(971) 205-3266
(971) 205-3266
(971) 205-3266
Free Consultation

Can Police Lie to a Suspect in an Interrogation?

One thing police routinely do to get a confession from a suspect is to lie to them during an interrogation. They may claim they have evidence they don’t have, claim to have a confession from another suspect, and more to get information from a suspect. This is frustrating because suspects might assume that police are required to be truthful during this process. Police are under absolutely no obligation to be truthful during an interrogation. Instead of dealing with the police yourself, demand a defense attorney at your side.

One common example of police using deception to get a confession is when they arrest two people for a particular crime. They separate the two suspects and tell each one that the other has confessed and pinned it all on the other suspect. When the suspect hears their friend has ratted them out, they understandable become upset and begin telling their side of the story. The police then use that information to prosecute. This is completely legal. Before offering any information at all, demand a lawyer. This lawyer will ensure that your rights are protected.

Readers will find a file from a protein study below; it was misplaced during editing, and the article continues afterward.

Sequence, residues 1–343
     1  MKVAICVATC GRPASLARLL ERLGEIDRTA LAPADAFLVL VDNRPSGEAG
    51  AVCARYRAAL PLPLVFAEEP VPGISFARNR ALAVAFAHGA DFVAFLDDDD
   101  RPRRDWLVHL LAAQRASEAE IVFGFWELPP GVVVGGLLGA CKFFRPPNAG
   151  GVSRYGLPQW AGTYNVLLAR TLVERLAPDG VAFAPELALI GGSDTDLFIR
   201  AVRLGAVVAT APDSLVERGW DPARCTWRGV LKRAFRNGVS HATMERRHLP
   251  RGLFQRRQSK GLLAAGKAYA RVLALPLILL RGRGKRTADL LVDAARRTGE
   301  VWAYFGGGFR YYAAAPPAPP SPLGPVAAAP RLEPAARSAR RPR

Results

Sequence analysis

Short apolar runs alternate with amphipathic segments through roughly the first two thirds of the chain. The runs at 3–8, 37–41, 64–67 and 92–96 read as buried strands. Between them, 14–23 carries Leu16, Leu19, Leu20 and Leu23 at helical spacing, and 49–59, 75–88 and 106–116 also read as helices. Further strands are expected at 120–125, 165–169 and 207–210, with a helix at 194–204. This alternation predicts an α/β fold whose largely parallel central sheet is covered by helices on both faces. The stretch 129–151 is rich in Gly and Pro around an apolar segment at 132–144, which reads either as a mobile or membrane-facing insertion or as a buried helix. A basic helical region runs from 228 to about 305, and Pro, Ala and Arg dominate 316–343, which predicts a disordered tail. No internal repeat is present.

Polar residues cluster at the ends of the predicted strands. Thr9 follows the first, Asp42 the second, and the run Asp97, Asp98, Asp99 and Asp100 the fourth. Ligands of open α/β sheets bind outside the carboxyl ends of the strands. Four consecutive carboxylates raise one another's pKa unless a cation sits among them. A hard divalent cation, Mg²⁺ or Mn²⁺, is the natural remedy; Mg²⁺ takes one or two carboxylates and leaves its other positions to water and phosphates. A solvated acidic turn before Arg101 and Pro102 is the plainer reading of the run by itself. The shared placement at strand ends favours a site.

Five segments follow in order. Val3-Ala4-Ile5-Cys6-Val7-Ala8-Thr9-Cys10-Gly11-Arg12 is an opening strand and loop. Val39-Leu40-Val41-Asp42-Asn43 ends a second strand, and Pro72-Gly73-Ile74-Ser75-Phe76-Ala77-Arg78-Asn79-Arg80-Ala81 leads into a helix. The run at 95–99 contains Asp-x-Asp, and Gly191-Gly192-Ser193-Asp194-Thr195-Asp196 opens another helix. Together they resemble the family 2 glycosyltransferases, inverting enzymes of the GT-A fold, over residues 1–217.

Police, however, do have certain restrictions on what they can do. For example, they cannot threaten or coerce a person into confessing. That is completely different and is, in fact, illegal. In these instances, it may be possible to have a confession thrown out. If you faced this situation in Portland or anywhere in Oregon, a defense attorney at Kroll & Johnson can help.

We know how difficult it can be to deal with the police. These men and women are experts at getting information from people and know how to get a suspect to talk. We will aggressively fight back against these tactics and ensure that your rights are protected. If you have been arrested in Portland, do not speak to the police and request a lawyer. For a free consultation, contact Kroll & Johnson today.

Fill out the form below and a member of our staff will be in touch with you regarding your case.